The September Campaign

From the beginning of the war the Luftwaffe engaged in massive air raids against Polish cities, bombing civilians, hospitals, and refugees. Cities like Warsaw, Wieluń, Frampol and many others were devastated by indiscriminate German air bombardments, often targeting civilians. In the case of Frampol, the city was destroyed as a test case to determine the effects and accuracy of bombardment.

The first bombs released on Germany during World War II were dropped by a single Polish PZL.23 Karaś of the 21st squadron on a factory in the Silesian town of Ohlau, today Olawa. Even though the Polish Air Force had a small fleet of modern medium-range bombers such as the PZL.37 Łoś, before the full scale of German war atrocities became known, Polish officers were reluctant to order strategic bombardment of targets in Germany for humanitarian reasons. Shortly after, in a period of a few days, Luftwaffe numerical and technological superiority took its toll on the Polish Air Force and such operations were impossible.

Rotterdam Blitz

During German bombing of Rotterdam 800 to 900 people were killed and 80,000 made homeless. Around 2.6 square kilometres (1 square mile) of the city was almost levelled. 24,978 homes, 24 churches, 2,320 stores, 775 warehouses and 62 schools were destroyed.

The German attack (The Blitz)

The British had been deeply psychologically affected by the German strategic bombing campaign of World War I. It was the first time in hundreds of years that London had been successfully attacked by an enemy. In the interwar years, British calculations of the likely effect of a strategic bombing from the data gathered during the German campaign suggested a strategic attack on an enemy's cities using the latest generation of bombers would knock an enemy out of the war without the need for the stalemate of trench warfare. In addition, it was widely believed there was no defense against bombers (hence the famous statement by Sir Stanley Baldwin that "the bomber will always get through.") This, and the fact British bombers lacked the range and numbers to inflict a telling blow on Germany, had been important factors in the British adoption of appeasement of Adolf Hitler during the 1930s. The destruction to London from a strategic bombing campaign using conventional bombs and poison gas was expected to be catastrophic.

When the war broke out in 1939, Britain's RAF had just 488 bombers of all kinds , mostly obsolete, with only about 60 of the capable new Vickers Wellington: many of the remainder had insufficient range to reach the Ruhr (let alone Berlin), had negligible defensive armament, and could not carry a useful payload. In any case, there were no effective bomb sights, very few bombs of a size that could cause significant damage, and even such obvious things as maps of Europe for navigating to and from the target were in very short supply. Furthermore, the sheer difficulty of navigating, by night, long distances to accurately attack small targets was severely underestimated.

Germany, in contrast, had abandoned plans to produce strategic bombers. With German technical resources already hard pressed to supply other needs, with Luftwaffe doctrine geared to close support of the army, and with the benefit of practical experience in Spain, German planners focused on tactical bombers to act as airborne artillery for the army, and fighters to protect them. When the fighting for Western Europe began in earnest, all three major powers (Britain, Germany and France) concentrated on daylight tactical bombing. German Stukas and medium bombers were highly effective in the military support role; the Armee de l'Air, torn by political intra-service conflict and a lack of logistical preparation, was largely unable to employ its large numbers of modern aircraft; and the British found bravery was no substitute for proper training, doctrine, and equipment—British bomber losses in the defense of France were catastrophic, and the results negligible. In that first year of the war, strategic bombing was almost forgotten. It was in a sense, however, the calm before the storm.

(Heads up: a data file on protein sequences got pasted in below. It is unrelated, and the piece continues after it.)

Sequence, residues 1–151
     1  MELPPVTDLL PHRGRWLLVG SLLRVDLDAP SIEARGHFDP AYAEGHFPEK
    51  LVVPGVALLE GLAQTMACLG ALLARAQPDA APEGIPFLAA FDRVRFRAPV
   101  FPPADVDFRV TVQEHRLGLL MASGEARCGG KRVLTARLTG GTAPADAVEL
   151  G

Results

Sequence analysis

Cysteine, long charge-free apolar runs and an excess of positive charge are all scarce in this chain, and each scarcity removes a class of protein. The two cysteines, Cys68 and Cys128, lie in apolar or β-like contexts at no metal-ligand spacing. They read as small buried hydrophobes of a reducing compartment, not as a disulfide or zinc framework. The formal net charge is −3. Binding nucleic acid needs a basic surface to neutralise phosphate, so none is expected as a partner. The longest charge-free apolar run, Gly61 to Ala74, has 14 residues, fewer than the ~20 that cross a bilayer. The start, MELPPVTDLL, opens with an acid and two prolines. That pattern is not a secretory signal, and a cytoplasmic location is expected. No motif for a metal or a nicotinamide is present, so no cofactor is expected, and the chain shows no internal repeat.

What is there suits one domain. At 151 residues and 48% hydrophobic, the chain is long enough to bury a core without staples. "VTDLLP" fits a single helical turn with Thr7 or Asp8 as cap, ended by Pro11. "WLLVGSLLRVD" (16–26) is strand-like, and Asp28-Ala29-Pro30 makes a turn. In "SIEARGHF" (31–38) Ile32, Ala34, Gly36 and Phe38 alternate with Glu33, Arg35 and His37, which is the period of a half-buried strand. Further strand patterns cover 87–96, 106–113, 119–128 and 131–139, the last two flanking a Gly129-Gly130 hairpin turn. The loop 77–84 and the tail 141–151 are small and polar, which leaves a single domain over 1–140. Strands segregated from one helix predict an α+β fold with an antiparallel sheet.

Due to mounting losses sustained in the Battle of Britain, the Luftwaffe began to use increasing numbers of bombers at night. In the week beginning 12 August 1940 the Luftwaffe flew less than a quarter of their bomber sorties at night, by the last week of August over half were flown at night. On 19 August Hermann Göring ordered a large night attack on Liverpool, and told his commanders they were free to decide on any targets apart from London and Liverpool. Despite this, London had already been bombed, over 60 civilians being killed in Croydon on 15 August. There were further minor attacks on London at night in August, on the 18/19, 22/23, 24/25, 25/26 and 28/29. It was in light of these attacks, and the heavier German bombing of other British cities that killed over 1,000 civilians in August, that RAF Bomber Command mounted its first raid on Berlin on the 25/26 August, with targets including Tempelhof airfield and the Siemens factories in Siemenstadt. This was politically embarrassing for Göring as he had boasted of the Luftwaffe ability to protect major German cities. Under pressure from his senior commanders, notably Kesselring, and believing the RAF to be much weaker than it was, Goering ordered the focus of the Luftwaffe campaign to switch to London, in the hope that the "last remaining" RAF fighters would be drawn in to a larger battle which the Luftwaffe could win with superior numbers. The heavy attacks on London began on 7 September, with more than 300 bombers in the afternoon, and another 250 in the night. By the morning of the 8 September, 430 Londoners had been killed. The Luftwaffe issued a press notice announcing they had dropped more than 1,000,000 kilograms of bombs on London in 24 hours. Many other British cities were hit in the nine month Blitz, including Birmingham, Liverpool, Bristol, Belfast, Cardiff, Kingston upon Hull and Coventry. The given aim was strategic—to destroy ports and industrial installations—but there is no room to doubt destroying the will of ordinary people to fight was a major factor, perhaps the major factor.